One convoy of about 20 trucks seen by Fawthorpe seemed to be an ordnance
unit moving.
           On the evening of the same day we moved to the wood at
Q 175308 to observe our last railway target.  By that time we had been
two days without food, having refrained from entering a village for food
where there was transport, and we wanted to blow our targets before
contacting any civilian.   The farm La Moulelette was recced but Germans
were seen moving in and out.
           Bancroft and Fawthorpe were feeling very weak so we found an
empty farm at Q 170299, previously occupied by German troops.  The
villages of Burlencourt and Dedeling were occupied by the enemy.  The
railway was still rusty.
           We stayed at the farm until morning on the 25th but were
unable to dry our clothes which had been soaked for over a week.  We
then moved to our last objective, the recce of gun sites near the front.
           We proceeded south-west along the road to the level crossing
at Q 134275, and then along the railway to avoid the river.  We then
went down the northern side hoping to reach the American lines that night.
           Fawthorpe managed to cross the river but fell in while doing
so.   He saw some suspicious lights and recrossed the river to rejoin the
           We then recrossed the railway and moved West of the farm at
Q 111260 and ran into the American barrage.   German guns also opened up
and the party doubled, zig-zagging to the farm at Q 118248, but did not
stay as it appeared to be occupied.   We moved off to a bush near the
road and lay up in good cover.
           During the night there were horse patrols which passed within
a yard of the party on the road to Morville-les-Vic.
           On the 28th we spent a miserable day in the pouring rain.
Fawthorpe was still soaking from his ducking of the night before.  Soon
all were soaked to the skin and had no food whatsoever.  Occasional
vehicles passed on the road and at about 12.00 hrs troops came down the
road from the village, marching in aircraft formation.   They were about
200 strong and apparently moving into the line.   They were Germans and
looked 1st class troops with good clothes and equipment;  they had an
American ¾ ton truck with them.
           That night I decided to make for the farm we had passed the
night before, and try to get dry.   This we did and stayed there the night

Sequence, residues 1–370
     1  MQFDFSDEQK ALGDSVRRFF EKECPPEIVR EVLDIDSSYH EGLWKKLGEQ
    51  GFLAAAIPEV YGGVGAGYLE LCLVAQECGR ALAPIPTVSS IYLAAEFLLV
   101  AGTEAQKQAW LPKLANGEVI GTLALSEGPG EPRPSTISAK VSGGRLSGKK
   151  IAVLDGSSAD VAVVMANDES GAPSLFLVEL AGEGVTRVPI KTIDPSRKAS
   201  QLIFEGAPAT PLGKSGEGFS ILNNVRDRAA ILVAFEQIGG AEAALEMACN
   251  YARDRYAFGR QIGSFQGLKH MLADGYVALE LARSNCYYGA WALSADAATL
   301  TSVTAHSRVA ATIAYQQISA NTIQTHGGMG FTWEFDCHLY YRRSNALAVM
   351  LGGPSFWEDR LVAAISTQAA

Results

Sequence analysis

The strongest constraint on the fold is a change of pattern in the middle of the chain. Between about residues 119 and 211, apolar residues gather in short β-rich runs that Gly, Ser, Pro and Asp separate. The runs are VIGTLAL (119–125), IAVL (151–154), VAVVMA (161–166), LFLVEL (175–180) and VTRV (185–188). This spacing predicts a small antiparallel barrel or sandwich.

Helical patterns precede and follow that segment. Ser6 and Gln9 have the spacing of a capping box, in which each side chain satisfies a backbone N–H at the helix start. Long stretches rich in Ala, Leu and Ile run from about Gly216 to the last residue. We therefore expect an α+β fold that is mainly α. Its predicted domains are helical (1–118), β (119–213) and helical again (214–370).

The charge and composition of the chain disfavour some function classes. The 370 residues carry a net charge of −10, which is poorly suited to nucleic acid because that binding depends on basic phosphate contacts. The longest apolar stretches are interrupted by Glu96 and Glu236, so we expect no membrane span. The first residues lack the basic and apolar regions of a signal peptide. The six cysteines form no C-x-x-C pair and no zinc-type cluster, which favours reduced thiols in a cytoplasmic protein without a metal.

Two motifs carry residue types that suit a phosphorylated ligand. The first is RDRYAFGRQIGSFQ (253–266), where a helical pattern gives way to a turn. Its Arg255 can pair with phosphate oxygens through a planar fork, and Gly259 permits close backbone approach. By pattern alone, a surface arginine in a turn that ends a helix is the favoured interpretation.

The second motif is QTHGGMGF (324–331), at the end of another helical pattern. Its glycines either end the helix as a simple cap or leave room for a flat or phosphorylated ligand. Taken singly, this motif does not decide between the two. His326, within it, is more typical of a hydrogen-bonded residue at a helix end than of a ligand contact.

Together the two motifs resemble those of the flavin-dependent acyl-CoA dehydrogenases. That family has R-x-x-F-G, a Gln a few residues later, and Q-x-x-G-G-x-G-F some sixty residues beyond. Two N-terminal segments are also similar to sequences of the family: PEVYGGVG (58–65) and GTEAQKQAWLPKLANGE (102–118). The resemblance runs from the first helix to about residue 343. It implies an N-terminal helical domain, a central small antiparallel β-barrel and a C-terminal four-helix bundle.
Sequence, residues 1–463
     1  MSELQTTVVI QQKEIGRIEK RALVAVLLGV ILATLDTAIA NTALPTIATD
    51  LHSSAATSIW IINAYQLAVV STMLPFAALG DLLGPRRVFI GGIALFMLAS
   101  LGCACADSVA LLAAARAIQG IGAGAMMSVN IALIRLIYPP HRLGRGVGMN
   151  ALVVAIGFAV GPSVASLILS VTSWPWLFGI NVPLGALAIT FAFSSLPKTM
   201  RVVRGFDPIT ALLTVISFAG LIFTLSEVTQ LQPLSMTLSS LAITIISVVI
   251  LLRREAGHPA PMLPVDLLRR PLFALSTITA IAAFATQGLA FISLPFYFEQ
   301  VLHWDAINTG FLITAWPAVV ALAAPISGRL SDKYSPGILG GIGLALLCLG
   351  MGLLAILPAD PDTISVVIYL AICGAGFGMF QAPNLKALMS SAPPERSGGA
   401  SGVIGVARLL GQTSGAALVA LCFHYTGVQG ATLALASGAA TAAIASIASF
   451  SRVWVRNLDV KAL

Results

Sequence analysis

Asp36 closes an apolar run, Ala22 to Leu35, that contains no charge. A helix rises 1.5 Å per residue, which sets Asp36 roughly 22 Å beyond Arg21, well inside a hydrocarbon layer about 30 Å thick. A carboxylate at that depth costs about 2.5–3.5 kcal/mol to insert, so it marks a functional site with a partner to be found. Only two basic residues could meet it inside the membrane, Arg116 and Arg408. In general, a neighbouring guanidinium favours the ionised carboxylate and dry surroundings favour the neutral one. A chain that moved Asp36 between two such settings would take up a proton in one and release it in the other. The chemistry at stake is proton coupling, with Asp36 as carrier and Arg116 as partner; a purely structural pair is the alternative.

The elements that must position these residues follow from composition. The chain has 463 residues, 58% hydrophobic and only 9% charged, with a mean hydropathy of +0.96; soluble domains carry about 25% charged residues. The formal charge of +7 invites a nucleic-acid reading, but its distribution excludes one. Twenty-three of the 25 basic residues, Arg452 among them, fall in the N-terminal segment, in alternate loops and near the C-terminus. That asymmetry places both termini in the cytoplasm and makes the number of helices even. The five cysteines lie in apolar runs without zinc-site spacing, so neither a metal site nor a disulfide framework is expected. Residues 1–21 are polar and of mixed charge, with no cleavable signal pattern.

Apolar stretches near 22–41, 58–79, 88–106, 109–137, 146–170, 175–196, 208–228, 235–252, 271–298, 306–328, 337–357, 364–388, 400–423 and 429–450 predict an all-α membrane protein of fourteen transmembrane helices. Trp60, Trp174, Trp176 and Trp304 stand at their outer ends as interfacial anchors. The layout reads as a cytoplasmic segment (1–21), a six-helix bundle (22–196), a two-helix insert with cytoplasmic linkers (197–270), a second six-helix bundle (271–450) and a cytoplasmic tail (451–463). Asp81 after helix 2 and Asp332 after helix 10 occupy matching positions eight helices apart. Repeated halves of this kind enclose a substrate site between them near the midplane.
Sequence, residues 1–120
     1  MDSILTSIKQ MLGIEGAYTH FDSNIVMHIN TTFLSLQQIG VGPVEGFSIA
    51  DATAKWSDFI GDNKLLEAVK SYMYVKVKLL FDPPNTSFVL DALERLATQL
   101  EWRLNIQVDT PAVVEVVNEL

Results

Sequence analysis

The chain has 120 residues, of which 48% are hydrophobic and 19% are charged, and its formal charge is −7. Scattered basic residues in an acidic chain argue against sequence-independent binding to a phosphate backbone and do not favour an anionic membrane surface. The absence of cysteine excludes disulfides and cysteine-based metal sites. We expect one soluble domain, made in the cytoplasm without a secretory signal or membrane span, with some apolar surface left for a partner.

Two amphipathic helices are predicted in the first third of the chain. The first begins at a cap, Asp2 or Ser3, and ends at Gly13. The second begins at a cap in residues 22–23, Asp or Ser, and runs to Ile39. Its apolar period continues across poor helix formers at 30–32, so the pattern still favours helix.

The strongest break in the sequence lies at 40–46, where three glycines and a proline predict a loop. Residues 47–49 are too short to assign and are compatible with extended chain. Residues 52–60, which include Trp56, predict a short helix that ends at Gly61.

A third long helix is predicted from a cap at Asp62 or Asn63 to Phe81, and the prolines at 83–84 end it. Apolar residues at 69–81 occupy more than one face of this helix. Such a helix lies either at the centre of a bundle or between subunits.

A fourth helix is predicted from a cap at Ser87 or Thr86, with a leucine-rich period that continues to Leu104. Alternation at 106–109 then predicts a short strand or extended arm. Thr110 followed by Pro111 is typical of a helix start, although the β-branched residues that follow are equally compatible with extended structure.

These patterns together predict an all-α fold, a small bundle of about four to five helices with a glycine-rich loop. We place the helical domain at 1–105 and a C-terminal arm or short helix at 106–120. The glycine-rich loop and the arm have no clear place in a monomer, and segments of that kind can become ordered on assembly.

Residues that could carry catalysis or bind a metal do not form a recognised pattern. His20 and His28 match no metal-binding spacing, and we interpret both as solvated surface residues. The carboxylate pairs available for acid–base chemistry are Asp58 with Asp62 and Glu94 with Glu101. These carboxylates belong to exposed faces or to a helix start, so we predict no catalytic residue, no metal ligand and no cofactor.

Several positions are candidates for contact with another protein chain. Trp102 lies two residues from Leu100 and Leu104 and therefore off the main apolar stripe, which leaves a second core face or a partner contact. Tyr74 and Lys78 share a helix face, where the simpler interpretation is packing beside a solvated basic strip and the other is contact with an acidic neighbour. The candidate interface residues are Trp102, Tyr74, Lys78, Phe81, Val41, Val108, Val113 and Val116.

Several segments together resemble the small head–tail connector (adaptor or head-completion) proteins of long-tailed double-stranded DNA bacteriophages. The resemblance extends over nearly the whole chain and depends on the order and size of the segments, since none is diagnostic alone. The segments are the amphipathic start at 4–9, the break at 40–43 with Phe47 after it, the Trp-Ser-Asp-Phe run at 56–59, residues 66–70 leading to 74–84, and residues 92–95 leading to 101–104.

in an open barn covering a haystack.
           The next morning, two people appeared just as Fawthorpe was
wringing a chicken's neck.   Thinking we were Germans they made a terrific
fuss.   Our interpreter found out that they were Polish, and after some
talk they prepared some food for which we paid a large sum.   They bought
the food at black market prices and we paid them in francs, telling them
they would get it back when the Americans arrived.   The woman was very good
and brought us food every day, even when Germans were in the yard below
the loft to which we moved.
           The German troops were mostly Ukrainian and used to scrounge
what they could from the farm which they used every day while we were
there.   We were lucky not to be found.
           We stayed there until the night of the 2/3rd October, and
during that time we did recces at night of the gun positions and also
made a general nuisance of ourselves by cutting telephone wires between
the various gun sites.  We noticed that a great deal of the enemies guns
were moved by horses, and that they moved very frequently, each gun had
an alternative position about 500 yards away.
           On the night of the 2nd we did not intend to leave and were
cooking a meal in the German cookhouse, as we were in the habit of doing.
After the Germans had left our morale was improving with the additional
food we were getting.   Unfortunately a considerable number of Germans
moved into the farm that night and we had to move out quickly.  We
proceeded south, hoping to contact the Americans and pass on our inform-
ation about the guns, which we could see were giving the Americans
considerable trouble.
           We waded the river at Q 099211, dodging Germans who were moving
about in their forward positions the whole time.
           We contacted the Americans at 22.45 hrs on the 3rd October.  In
the morning I went up to their forward positions in a tank and gave exact
information as to the enemy's gun emplacements and alternative positions.
           The Americans were very pleased to get the information as the
guns were holding them up.